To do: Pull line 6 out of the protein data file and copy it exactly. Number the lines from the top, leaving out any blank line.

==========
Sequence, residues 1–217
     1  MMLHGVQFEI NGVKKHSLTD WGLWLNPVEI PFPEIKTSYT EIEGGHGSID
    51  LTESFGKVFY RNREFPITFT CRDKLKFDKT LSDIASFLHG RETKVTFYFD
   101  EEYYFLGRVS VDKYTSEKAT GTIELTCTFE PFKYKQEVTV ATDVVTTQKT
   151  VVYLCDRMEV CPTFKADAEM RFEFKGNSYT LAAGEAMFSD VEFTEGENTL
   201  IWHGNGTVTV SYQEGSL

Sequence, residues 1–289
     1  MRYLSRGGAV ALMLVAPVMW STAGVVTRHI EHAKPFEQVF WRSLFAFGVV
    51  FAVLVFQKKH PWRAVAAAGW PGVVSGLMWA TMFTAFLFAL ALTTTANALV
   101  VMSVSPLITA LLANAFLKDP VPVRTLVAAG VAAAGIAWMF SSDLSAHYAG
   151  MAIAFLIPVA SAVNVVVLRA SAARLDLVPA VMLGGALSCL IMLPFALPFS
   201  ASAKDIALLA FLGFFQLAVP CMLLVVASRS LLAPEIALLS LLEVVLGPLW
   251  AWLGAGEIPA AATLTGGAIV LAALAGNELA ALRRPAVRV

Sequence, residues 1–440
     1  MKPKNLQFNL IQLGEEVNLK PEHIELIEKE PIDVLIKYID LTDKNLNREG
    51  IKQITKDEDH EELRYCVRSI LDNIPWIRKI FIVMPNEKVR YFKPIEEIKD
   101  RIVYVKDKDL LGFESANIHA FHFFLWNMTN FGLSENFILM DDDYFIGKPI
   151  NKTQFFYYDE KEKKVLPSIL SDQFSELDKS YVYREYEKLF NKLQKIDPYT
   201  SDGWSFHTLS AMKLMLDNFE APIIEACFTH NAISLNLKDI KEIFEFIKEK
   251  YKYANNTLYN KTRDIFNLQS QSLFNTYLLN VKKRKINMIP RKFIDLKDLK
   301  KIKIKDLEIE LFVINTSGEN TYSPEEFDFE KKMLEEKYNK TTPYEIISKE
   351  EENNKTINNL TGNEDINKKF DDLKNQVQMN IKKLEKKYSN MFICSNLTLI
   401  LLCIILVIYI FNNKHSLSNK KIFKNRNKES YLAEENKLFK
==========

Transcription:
   201  IWHGNGTVTV SYQEGSL